Jack Weatherford scores another hit with new Mongol Queens history; 
Mongolian edition is honored as "Book of the Year"

Six years ago, Jack Weatherford’s best-selling history, Genghis Khan and the Making of the Modern World, ignited a global reappraisal of the Mongolian empire and its positive contributions. Weatherford has done it again in his masterful sequel, The Secret History of the Mongol Queens: How the Daughters of Genghis Khan Rescued His Empire. This highly-readable new book was the result of Weatherford recognizing that one volume could not convey all he wanted to write about the 13th-century ruler who shaped the largest empire in the history of the world and those who inherited it.

Honored in Mongolia as “Book of the Year” for 2009 in its Mongolian language edition, Scientific American listed Mongol Queens as a Recommended Book for 2010. One reviewer praised the author’s original research and ability to explain the complicated relationships, noting that “Weatherford writes clearly and dynamically.”

The Secret History is available at Amazon.com in hardback, paperback and Kindle, at BarnesandNoble.com and other booksellers.  Dr. Jack Weatherford holds the DeWitt Wallace Chair of Anthropology at Macalester College in Minnesota and an honorary position at Chinggis Khaan University in Mongolia . In 2007 he received the Order of the Polar Star, Mongolia ’s highest decoration. He is also the author of Indian Givers, Native Roots, Savages and Civilizations, and The History of Money.

As one reviewer noted, Weatherford was fascinated by the unique and central role played by the Great Khan's female descendants at a time when political power was reserved for men only and written histories were dominated by male authors writing about male leaders. As Weatherford says in his new book, "Genghis Khan sired four self-indulgent sons who proved good at drinking, mediocre in fighting, and poor at every- thing else; yet their names live on despite the damage they did to their father's empire." However, the ruler's seven or eight daughters (Weatherford notes that documentation is unclear about the exact number had "superior leadership abilities" to the sons, so the Great Khan willed "strategically important parts of his empire" to the women.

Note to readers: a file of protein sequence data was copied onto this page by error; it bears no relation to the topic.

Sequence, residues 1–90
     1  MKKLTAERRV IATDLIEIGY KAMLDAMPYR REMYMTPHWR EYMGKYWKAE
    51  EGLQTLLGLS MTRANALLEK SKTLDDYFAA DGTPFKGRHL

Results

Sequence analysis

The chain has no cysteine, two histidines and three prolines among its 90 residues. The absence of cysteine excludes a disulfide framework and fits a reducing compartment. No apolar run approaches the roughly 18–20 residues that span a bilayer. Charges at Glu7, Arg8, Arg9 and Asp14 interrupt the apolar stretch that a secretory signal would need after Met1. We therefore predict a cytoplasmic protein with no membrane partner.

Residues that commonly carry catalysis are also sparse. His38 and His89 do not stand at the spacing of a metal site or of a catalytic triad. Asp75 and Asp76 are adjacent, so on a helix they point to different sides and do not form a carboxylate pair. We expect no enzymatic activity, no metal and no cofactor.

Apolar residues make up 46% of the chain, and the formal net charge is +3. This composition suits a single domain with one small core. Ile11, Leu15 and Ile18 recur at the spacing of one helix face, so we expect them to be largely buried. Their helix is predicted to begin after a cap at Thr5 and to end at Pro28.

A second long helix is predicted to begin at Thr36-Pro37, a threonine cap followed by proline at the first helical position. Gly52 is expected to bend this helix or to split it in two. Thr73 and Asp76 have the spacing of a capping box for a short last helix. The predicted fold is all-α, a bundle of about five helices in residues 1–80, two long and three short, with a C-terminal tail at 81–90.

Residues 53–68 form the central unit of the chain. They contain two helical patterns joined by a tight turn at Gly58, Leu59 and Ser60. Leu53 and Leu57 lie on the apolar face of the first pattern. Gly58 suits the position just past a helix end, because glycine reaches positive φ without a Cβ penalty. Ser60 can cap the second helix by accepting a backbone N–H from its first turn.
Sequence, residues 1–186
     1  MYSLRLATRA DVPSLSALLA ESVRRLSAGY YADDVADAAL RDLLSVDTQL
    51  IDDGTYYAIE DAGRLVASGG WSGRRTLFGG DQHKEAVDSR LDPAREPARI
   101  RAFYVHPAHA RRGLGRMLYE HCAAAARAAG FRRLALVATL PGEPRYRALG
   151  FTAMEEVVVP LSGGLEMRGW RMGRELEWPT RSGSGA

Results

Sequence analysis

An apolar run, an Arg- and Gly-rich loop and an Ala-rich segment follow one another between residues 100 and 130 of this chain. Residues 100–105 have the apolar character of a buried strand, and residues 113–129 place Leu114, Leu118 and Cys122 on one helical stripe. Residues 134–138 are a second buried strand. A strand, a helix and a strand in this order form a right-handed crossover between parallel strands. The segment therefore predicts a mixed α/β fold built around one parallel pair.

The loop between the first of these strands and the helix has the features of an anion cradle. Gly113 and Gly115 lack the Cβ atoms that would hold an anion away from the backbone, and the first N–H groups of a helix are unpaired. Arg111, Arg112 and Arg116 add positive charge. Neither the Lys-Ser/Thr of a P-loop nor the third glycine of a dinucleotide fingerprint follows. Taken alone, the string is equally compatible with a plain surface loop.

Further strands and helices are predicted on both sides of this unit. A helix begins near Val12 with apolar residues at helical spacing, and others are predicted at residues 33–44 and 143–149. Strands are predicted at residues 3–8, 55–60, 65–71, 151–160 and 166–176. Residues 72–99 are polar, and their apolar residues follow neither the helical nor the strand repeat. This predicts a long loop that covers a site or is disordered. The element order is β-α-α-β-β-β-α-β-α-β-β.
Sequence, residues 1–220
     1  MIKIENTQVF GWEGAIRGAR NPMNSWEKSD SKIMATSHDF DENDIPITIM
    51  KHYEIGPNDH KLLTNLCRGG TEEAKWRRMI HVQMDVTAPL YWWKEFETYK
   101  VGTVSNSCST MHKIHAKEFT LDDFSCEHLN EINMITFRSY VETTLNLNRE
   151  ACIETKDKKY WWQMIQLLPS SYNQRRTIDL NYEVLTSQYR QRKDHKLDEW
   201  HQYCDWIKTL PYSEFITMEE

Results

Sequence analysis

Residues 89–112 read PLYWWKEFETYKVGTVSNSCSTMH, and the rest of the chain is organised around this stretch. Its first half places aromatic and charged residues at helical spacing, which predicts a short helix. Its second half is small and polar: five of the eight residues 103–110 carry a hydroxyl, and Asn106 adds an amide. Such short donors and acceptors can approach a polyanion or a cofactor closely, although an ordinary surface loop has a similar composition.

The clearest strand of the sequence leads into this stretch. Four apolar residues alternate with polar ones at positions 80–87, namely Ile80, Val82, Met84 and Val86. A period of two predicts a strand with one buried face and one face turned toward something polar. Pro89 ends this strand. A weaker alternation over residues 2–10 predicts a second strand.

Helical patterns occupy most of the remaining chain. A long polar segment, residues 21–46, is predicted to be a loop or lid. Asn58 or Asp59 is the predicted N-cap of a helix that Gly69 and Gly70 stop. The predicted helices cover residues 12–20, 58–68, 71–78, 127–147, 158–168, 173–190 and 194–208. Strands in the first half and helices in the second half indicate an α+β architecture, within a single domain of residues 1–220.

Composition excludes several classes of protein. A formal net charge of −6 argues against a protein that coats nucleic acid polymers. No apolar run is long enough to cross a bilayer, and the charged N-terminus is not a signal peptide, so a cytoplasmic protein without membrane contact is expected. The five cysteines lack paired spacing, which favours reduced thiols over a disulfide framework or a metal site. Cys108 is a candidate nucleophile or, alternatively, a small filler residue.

Without the wisdom of the daughters, Weatherford convincingly argues, the Mongol Empire would have crumbled much faster than it did, eventually dissolving during the middle of the 14th century.  Weatherford notes that Mongol pride did not disappear. One reviewer wrote that “the most compelling part of Weatherford's new book is the restoration of the Mongol empire during the late 15th century with the emergence of another woman descended from Genghis Khan, a woman known by the name Queen Manduhai the Wise.”  Manduhai continues today as an important figure in Mongolian popular culture, the subject of movies, operas and songs.

President Elbegdorj (r) receives the first copy of Mongol Queens from Dr. Jack Weatherford